The brochure recommended practicing how not to breathe with eyes closed in an empty, peaceful place. Pedro had the brochure memorized.
“Can you believe some folks get the operation reversed?” the Asian man asked.
Pedro stared at the white tiles between his feet until he realized the man had directed the question at him.
“Oh,” Pedro muttered. “Yeah. I don't get that either.”
The man grinned.
Pedro had mangled the brochure to shreds in his fist.
“Do not attempt to walk unassisted within the initial twenty-four hours,” the doctor continued.
The doctor's chiseled physique was evident even through his lab coat. His pale blue eyes, perfect symmetry and adolescent face could woo royalty and lead the celibate astray. Despite her mask of bandages, the wheelchair-bound woman also glistened, an ageless wax angel whose eyes alone could incite madness, cult followings or world war.
Pedro knew better.
“You'll frequently stumble in the first week,” the doctor said. “This is natural. The brain needs time to adjust to its new equipment.”
The brochure suggested two weeks of physical therapy on an outpatient basis. The brochure provided directions to local facilities. The brochure said that proper training can condition the brain to believe anything.
“The name's Wei,” the Asian man said.
Pedro knew his life would change before he read the e-mail. The subject line was subtle. Screams of “YOU'VE WON” are red flags for fraud. But when Pedro saw the clinic's name in the inbox, he knew.
Had the message arrived before the accident, Pedro's mother would be here instead. In cases such as Mrs. Guerra's, the lottery system passes rights to next of kin.
Pedro's father had also won the procedure. A day later, he promptly fled the country and had not been in touch.
“Don't have a name?” Wei asked. “Fine. I'll call you Zeppelin, then.”
“Christ, kid. You're a wreck,” he said. “Zeppelin. As in, the band. It's on your t-shirt.”
“Oh. Yeah.”
Panels of curved glass filtered sunlight against white walls. The words “PATIENTS AND STAFF ONLY” flanked double doors beside the reception desk. A sign to its right read “Reminder: The Patient Has Thirty Days Within Which To Reverse The Procedure. Changes Made Beyond This Point…”
Ms. Burke's wheelchair obscured the rest.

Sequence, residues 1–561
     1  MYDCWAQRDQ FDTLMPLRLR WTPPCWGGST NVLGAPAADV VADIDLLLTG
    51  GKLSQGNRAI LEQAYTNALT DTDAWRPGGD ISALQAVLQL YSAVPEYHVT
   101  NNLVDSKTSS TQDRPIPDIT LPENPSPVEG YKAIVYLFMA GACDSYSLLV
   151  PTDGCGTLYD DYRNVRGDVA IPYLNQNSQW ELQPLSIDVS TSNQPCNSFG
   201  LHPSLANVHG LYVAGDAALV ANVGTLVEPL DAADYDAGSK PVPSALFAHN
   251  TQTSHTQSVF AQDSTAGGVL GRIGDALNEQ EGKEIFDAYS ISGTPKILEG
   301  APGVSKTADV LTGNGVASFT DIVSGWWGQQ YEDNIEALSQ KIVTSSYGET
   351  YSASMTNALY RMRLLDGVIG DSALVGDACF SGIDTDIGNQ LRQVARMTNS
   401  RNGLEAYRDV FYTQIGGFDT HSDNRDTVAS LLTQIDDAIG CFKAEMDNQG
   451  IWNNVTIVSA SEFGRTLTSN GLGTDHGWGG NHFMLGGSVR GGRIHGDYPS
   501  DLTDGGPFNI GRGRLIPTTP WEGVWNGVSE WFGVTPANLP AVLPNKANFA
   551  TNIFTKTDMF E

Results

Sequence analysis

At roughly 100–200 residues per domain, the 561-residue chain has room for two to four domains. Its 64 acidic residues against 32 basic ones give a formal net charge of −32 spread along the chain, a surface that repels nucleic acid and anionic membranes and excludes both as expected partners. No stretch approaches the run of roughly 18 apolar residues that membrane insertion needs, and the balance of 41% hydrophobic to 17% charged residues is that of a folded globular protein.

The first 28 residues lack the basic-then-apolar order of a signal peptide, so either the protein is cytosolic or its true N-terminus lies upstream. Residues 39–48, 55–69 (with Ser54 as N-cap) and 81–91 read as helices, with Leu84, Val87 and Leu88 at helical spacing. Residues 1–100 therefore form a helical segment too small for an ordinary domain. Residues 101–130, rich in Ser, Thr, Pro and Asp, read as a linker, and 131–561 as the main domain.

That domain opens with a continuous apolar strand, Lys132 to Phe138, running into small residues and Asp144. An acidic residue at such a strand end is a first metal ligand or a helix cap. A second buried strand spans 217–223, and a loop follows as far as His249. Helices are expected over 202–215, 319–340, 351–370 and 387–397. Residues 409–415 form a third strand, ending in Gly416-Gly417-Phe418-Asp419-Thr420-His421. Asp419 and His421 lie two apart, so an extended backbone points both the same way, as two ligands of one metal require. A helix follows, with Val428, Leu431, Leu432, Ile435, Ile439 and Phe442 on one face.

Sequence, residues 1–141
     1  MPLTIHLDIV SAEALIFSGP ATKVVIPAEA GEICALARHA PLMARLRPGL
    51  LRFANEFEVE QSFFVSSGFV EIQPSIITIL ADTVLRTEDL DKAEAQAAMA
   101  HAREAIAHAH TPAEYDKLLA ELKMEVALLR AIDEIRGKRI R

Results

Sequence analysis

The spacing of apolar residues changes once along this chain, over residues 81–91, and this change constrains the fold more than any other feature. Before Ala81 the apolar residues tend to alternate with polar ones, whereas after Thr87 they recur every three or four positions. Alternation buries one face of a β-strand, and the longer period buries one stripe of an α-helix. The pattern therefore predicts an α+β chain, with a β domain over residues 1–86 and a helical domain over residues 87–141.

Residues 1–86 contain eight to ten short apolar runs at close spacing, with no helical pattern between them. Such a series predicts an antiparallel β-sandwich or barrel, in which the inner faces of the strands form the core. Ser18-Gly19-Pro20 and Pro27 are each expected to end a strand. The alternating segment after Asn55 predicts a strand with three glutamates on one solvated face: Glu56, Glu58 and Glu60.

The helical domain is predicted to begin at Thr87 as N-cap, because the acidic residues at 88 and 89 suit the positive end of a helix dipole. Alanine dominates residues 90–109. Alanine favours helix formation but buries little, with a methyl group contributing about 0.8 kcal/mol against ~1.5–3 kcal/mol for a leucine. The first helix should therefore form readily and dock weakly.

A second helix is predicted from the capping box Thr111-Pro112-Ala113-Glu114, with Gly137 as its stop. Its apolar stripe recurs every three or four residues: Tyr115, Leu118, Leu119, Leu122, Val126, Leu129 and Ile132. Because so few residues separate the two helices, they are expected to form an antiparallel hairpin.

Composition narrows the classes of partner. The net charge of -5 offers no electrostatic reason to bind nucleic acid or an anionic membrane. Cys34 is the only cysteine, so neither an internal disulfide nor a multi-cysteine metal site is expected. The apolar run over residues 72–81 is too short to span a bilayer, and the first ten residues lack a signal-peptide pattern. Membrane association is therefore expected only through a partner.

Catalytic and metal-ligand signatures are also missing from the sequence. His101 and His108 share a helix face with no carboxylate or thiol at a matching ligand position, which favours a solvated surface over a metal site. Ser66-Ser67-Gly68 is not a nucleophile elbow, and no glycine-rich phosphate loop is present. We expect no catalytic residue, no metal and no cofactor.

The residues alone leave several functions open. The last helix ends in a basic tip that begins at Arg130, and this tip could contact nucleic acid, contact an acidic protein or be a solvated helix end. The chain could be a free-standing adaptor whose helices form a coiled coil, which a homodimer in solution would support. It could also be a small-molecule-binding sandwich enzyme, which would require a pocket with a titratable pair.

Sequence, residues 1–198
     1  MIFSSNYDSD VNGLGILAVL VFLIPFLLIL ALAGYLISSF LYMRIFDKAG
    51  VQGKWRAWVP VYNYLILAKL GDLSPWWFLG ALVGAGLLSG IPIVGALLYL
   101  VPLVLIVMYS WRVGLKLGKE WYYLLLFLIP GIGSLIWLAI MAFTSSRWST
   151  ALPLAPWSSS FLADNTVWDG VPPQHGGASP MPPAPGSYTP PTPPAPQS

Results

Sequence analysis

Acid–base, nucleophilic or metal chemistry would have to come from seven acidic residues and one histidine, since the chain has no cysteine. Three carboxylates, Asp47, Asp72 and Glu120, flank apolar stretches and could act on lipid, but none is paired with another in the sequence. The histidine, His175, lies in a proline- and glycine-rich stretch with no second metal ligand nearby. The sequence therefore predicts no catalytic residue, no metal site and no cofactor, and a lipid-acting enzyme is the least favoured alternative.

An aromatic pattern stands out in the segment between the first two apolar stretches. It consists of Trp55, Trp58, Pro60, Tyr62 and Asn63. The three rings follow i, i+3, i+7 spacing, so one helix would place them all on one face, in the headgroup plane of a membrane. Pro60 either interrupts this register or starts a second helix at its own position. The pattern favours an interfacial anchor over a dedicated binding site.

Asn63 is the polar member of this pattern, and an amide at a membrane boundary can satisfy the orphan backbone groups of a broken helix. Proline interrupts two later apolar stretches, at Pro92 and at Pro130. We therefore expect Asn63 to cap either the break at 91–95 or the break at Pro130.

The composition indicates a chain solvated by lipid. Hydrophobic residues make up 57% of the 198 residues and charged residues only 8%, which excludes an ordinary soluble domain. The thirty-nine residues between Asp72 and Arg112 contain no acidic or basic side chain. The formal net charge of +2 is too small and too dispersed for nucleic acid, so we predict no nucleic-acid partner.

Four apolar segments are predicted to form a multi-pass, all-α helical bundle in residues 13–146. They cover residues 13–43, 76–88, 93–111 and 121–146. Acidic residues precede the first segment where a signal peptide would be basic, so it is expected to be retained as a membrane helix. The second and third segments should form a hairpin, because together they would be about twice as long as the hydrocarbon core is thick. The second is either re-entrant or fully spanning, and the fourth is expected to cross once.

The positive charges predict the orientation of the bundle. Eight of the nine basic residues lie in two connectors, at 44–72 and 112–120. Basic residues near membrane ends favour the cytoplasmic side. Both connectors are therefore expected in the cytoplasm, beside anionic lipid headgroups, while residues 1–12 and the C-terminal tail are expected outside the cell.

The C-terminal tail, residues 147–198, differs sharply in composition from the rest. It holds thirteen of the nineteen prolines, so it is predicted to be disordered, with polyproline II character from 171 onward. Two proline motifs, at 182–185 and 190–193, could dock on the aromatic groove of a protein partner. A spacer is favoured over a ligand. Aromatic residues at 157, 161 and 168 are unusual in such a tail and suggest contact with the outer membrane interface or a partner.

“Now,” the doctor told her, “you'll have the opportunity to select an approximation of your original voice. Most patients, however, opt for an enhancement. We want perfect. We're programmed that way. And here at Marinetti Labs, we deliver.”
Pedro didn't tell Jennifer about the procedure. Not yet.
“So, Zeppelin, you goin' under the knife on the company dime?”
“Your insurance.”
“It's right here,” Pedro mumbled, fumbling in his pockets.
“For Chris's sake. Do you understand the English language? Comprende Ingles? Entiende? Te gusta tacos, hombre? I am asking you if your insurance is covering the operation.”
“Oh,” Pedro says. “Uh, yeah. It is.”
“Lucky dog,” Wei said. “I had to empty my life savings. Worth it, though.”
“Hell yeah it's worth it,” snapped a black man sitting still as stone.
Microscopic disclaimers blanketed the brochure's backside. Statistical anomalies, the brochure called them. Still, Pedro had them memorized. Heat sinks can fail. Circuits can melt the silicone. The brain may reject the wiring, though the brochure made abundantly clear that, in such cases, Marinetti bears no responsibility. Rarer still are hospital-borne Trojans, worms, macros and remote hacks. The brochure is legally required to print these warnings, and the patient is legally required to accept the risks.
The disclaimers weren't what Pedro hid from Jennifer.
Ricardo Guerra worked a landing strip on the USS Kurzweil. Later, he worked a keyboard and mouse in a skyscraper downtown. When the random lottery selected him, he didn't tell his family either.
After the accident, Pedro knew why.
Instead, Ricardo wrote a letter. It began “I am sorry,” said something about trust, and ended “Love.”
“You know that they say the operation doesn't only prevent broken bones, but broken hearts?” the black man asked. “Yup. No more emotional bullshit. Zero. I say it's worth it.”
The doctor lectured Ms. Burke on muscle memory therapy. The brochure abbreviated it MMT. Pedro knew the words before the doctor spoke them. MMT was experimental due to unsettled theoretical differences that were currently impeding research. The patient can risk the therapy now, or opt for a return voucher when the technology is stable.
Ricardo left his return voucher behind.
The brightly-colored ticket sits alone on an oak table in a four-bedroom cape cod on Fletcher Street, where Pedro Guerra discovered Playboy, first learned what happened to Grandma, cried into a dial tone and laughed and loved and fucked and felt a great evil boiling inside him as he shoved his father against the wall during an argument over a tenth-grade report card.
A single shred of neon green: the only evidence Ricardo Guerra existed, that he once wrote a letter that ended “Love” and that he once learned not to breathe.
“Listen, Zeppelin,” Wei said. “I didn't mean anything by that 'taco' shit I said. I feel like a jackass. I'm sorry, man.”
Pedro watched the doctor stuff a neon slip into Ms. Burke's purse.
Did she also write a letter? Did it end with “Love?” And who is this hunched, gray man with a pink tie at her side? Are they afraid? Aroused? In love? Are they here only after an accident? Does a great evil boil inside them too?
The doctor talked as Pink Tie pushed Ms. Burke aside.
Yes, Pedro decided. They're killers. Pink Tie held the gun. Ms. Burke forged the note. They made it look like suicide. Upon approval of insurance, Marinetti Labs made the investigation disappear.
“Think she'll be back?” the black man asked.
The remainder of the sign Ms. Burke had been hiding read “Come At Unknown Risks.”
“It's insane, right?” the black man asked. “The people who get it reversed, I mean. It's like, what the hell? Think about it. Perfect vision. Six pack abs. Orgasms beefed up beyond belief. An inability to feel fear. Seriously. Look it up. No more sore throats, no heart attacks, none of that bullshit, man. I mean, this shit's been scientifically proven and peer reviewed in, like, thousands of labs, so you know it's true. Look it up.”